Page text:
Why (in its current form) OWS is pathetic:



No one is going to take that seriously.
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Moogs
Hates the Infotainment
 
Join Date: May 2004
Location: NSA Archives
 
2011-10-13, 16:30

Those people are not pathetic; they're brave (unless they're just college kids skipping a class they don't like ).

Would you have the balls to stand out there with 5 other people and protest in a public square? I can answer that question right now: I wouldn't unless it was something egregious (family member wrongly locked up or company dumping toxins in water supply in my area or something like that).

The problem is simply one of organization and planning. THAT part is pathetic in this particular case. Is that San Antonio or something?

...into the light of a dark black night.
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Ryan
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Join Date: May 2004
Location: Promise Land of Trustafarians
 
2011-10-13, 16:35

Quote:
Originally Posted by Moogs View Post
Those people are not pathetic; they're brave (unless they're just college kids skipping a class they don't like ).

Would you have the balls to stand out there with 5 other people and protest in a public square? I can answer that question right now: I wouldn't unless it was something egregious (family member wrongly locked up or company dumping toxins in water supply in my area or something like that).

The problem is simply one of organization and planning. THAT part is pathetic in this particular case. Is that San Antonio or something?
I was talking about the guy on the right with the face paint and ”Jesus Rode Dinosaurs” sign. That’s not brave, it’s internet trolling.

And yes, that’s the Alamo. Photo from a local paper.

edit: Okay, I should clarify. This guy is the OWS equivalent of ”Keep Government out of my Medicare.” Nonsensical claims that become the image of the movement.
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addabox
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Join Date: May 2004
Location: oaktown
 
2011-10-13, 17:05

Oh, I dunno, any mass protest movement with a fair number of young people is going to have its share of silliness. Just look at the Viet Nam protests-- the crowds were full of goofy Yippies doing "street theater" and the like.

For someone in their late teens or early twenties there's a sense that part of the problem is the solemnity of the "adult world"-- that these fucked up old bastards that have made such a complete botch of the world thrive on a completely unearned sense of dignity and respect, and the idea of their own importance. It's only natural that one response to that is going to be "fuck all ya'll and your fake gravitas, here's a pig head and a monkey."

That which doesn't kill you weakens you slightly and makes you less able to cope until you're completely incapacitated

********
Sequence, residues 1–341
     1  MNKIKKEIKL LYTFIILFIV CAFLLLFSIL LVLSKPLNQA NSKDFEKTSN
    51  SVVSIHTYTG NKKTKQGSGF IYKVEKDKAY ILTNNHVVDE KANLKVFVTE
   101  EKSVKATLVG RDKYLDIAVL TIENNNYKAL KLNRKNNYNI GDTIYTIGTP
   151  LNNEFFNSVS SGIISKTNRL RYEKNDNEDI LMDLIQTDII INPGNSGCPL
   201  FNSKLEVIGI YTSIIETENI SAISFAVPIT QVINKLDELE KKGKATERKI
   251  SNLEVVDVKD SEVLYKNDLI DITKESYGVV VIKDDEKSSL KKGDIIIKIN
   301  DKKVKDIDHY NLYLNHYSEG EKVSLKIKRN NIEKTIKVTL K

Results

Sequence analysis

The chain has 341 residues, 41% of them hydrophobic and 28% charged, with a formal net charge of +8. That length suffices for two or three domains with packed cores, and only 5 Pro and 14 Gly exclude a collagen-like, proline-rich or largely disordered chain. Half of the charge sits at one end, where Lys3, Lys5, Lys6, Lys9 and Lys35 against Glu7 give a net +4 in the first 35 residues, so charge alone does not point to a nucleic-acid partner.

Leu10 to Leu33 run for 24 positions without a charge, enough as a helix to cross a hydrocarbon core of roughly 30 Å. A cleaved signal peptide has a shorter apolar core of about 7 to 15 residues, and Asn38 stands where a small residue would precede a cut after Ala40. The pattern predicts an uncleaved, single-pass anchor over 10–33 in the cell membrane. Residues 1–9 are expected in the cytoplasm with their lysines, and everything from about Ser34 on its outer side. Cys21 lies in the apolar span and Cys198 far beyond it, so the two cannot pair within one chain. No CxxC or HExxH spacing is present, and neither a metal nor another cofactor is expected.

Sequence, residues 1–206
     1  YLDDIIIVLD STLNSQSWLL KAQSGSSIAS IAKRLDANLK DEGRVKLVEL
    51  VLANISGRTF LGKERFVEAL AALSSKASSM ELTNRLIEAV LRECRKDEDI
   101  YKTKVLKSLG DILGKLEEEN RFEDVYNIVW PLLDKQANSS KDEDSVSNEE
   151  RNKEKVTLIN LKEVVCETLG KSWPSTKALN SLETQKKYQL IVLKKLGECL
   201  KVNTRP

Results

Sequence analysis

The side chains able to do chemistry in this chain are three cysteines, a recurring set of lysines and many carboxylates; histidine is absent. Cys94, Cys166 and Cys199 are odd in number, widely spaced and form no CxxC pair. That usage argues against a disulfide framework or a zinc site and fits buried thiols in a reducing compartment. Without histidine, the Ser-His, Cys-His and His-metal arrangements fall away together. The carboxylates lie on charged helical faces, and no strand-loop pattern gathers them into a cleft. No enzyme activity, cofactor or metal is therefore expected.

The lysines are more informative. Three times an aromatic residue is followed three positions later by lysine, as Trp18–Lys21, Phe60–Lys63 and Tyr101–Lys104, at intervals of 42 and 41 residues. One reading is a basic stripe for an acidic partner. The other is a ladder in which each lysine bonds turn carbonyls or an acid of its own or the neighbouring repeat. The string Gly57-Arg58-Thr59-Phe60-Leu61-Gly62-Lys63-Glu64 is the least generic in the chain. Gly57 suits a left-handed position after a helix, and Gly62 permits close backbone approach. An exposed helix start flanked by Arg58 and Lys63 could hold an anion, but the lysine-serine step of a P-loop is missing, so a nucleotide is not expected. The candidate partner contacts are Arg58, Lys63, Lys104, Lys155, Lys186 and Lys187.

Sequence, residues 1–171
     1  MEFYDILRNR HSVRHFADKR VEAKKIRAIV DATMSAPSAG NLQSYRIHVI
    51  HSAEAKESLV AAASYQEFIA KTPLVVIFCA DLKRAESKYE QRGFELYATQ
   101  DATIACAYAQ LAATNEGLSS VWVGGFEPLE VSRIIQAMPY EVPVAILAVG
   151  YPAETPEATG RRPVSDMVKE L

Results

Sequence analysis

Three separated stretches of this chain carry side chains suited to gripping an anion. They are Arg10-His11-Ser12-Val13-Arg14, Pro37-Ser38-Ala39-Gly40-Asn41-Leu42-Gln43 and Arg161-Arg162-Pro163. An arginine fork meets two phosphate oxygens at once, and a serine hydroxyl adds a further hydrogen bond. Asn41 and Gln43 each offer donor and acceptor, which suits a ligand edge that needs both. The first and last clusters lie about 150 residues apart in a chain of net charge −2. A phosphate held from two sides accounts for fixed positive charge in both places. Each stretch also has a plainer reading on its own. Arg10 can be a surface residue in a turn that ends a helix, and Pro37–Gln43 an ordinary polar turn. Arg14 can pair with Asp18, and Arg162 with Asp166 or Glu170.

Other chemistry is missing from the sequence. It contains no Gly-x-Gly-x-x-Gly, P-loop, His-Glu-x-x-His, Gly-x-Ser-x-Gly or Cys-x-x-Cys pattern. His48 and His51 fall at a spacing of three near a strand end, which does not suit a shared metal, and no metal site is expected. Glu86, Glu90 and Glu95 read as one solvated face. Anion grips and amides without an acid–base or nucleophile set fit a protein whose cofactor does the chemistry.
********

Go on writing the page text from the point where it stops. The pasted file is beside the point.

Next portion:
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709
¡Damned!
 
Join Date: May 2004
Location: Purgatory
 
2011-10-13, 17:35

Eh. I'll go to any rally pretty much. If you can get their lingo down pat it's a great place to score.


So it goes.
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Wrao
Yarp
 
Join Date: May 2004
Location: Road Warrior
 
2011-10-13, 17:51

You can tick for tack tea party vs. occupy all day long, both movements certainly had and have more than their fair share of imbeciles(like the jesus rode dinosaurs kid). One noteworthy difference, I think, between the two situations is that the Occupiers(I think they call themselves "the 99%") seem much more likely to outright make fun of themselves. Intentionally or otherwise.

Some of my most vocal Facebook friends who have been trying to publicize and provide coverage and links about the Occupy movement have also been posting links to things like occupy sesame street or occupy jump street or whatever. I don't remember ever seeing the tea party having that same type of self mockery present.
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FFL
Fishhead Family Reunited
 
Join Date: May 2004
Location: Slightly Off Center
 
2011-10-13, 19:02

Quote:
Originally Posted by billybobsky View Post
Now of course, the fix to some of this problem is increased regulation on corporate lobbying -- but the corporate lobbyist funding the current form of the Tea Party will certainly not like that.
Yes.

We've got a self-perpetuating system where we put one party in power, and then get fed up and put the other party in power. And both parties use the same corporate money to stay in power, and the illusion that they are very different to keep us divided and distracted from the fact that they really are not.

We need major campaign finance reform, and major lobbying reform. And it's never going to happen as long as we keep electing the same corporate-funded politicians.

Quote:
Originally Posted by Majost View Post
I really think that the best statement the "occupiers" can make is: We demand the separation of corporation and state.
Yes.

This is a very good distillation of the root problem into one simple statement. It is the one "demand" that literally everyone in the 99% can agree on, and is at the root of most other demands being tossed around.

We need major campaign finance reform, and major lobbying reform. And it's never going to happen as long as we keep electing the same corporate-funded politicians.

Quote:
Originally Posted by Moogs View Post